Despite reduced beetle kill, state forester forecasts a heavy fire season
Wyoming forest officials anticipate another heavy fire season for this year.
Wyoming State Forester Bill Crapser says recent warm winters have been great for the pine beetle population. He adds that Wyoming pine forests are full of densely-packed stands with trees of the same age, which makes them especially vulnerable to beetles, and that makes them more likely to burn.
The spread of beetle-killed trees slowed in 2012. That’s according to an aerial forest health survey conducted by the USDA Forest Service and the Wyoming State Forestry Division. The Mountain Pine Beetle killed about 719-thousand acres in 2011, but the spread of affected forest dropped to 180-thousand new acres in 2012.
“One of the main reasons for that is in several parts of the state, the mountain pine beetle expanded so quickly over so many years, they’ve basically run out of food,” Crapser says.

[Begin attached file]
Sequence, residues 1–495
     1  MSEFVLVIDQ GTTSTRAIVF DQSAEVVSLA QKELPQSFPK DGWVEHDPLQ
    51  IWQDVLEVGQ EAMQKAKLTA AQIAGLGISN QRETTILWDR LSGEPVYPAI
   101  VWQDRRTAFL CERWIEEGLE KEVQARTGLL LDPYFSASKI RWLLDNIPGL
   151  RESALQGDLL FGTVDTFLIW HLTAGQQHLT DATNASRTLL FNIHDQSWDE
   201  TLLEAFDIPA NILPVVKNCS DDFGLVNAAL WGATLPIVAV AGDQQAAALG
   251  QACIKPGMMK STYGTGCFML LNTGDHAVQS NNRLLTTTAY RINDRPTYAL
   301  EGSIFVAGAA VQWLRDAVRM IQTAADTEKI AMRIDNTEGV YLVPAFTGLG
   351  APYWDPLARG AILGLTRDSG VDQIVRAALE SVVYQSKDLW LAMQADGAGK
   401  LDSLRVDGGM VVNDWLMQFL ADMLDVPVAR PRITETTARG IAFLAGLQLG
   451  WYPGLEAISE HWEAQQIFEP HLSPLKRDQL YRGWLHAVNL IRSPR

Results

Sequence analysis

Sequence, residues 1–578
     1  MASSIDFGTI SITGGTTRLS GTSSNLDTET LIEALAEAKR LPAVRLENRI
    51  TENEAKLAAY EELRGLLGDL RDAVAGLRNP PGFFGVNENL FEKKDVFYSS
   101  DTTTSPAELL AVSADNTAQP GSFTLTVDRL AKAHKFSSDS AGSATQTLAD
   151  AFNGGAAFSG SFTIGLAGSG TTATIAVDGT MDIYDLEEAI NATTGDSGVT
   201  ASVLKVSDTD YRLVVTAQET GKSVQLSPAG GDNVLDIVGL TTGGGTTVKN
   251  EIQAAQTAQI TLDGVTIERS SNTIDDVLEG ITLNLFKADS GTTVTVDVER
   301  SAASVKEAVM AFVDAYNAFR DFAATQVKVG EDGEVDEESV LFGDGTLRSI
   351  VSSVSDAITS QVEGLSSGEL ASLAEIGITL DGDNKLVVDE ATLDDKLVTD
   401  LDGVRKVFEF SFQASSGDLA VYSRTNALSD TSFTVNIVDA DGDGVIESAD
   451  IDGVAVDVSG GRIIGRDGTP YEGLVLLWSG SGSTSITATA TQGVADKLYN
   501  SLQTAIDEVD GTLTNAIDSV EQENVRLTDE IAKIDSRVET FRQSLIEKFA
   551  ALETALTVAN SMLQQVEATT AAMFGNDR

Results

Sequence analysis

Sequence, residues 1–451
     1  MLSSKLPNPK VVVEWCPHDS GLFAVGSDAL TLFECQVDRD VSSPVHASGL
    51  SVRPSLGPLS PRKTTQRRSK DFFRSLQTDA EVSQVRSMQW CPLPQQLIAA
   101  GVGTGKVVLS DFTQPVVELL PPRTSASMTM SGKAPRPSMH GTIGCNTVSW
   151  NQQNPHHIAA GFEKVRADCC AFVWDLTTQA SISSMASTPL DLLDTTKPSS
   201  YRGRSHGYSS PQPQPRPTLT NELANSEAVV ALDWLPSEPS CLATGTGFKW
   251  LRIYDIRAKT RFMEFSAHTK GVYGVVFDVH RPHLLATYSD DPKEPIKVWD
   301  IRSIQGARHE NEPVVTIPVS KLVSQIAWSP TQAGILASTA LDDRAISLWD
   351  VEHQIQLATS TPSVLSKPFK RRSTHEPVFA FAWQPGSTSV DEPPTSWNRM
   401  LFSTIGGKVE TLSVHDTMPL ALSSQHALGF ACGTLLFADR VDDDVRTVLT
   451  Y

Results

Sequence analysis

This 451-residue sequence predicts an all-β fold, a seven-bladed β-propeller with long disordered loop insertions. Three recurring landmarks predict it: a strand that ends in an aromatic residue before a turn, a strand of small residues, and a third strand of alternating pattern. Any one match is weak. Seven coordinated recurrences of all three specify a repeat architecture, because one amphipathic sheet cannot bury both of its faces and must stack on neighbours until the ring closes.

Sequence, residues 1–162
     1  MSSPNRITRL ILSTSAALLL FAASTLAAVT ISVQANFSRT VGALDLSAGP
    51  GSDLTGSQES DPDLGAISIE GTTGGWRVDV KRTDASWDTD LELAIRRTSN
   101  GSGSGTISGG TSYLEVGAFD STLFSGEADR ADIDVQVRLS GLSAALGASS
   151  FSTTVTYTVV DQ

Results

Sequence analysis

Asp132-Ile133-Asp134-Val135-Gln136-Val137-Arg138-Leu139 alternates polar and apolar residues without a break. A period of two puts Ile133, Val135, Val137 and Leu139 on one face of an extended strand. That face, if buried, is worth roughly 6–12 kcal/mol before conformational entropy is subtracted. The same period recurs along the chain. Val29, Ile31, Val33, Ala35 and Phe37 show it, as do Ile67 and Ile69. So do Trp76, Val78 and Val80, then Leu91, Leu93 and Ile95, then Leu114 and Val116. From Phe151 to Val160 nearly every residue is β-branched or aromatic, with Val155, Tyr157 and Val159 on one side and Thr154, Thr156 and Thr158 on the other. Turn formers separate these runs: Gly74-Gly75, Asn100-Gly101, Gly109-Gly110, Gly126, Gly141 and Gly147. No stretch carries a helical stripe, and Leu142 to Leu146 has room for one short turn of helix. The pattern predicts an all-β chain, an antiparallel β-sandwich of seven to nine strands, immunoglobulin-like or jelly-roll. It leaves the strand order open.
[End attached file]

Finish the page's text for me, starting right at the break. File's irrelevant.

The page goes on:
Crapser says beetle killed trees are most vulnerable to wildfires before their needles fall off and again after the trees fall to the ground. He adds that ongoing drought conditions could bring about another season of rampant wildfires in the region.
Crapser says that the cycle of beetle kill and fires will repeat itself in 100 years if the state doesn’t implement an active forest management plan.
“Part of that would be utilizing fire to get an age-class mosaic out there on the landscape so you don’t see huge landscape impacts of either fire or beetles in the future.”
Crapser advises people to be very careful when lighting fires this spring and summer.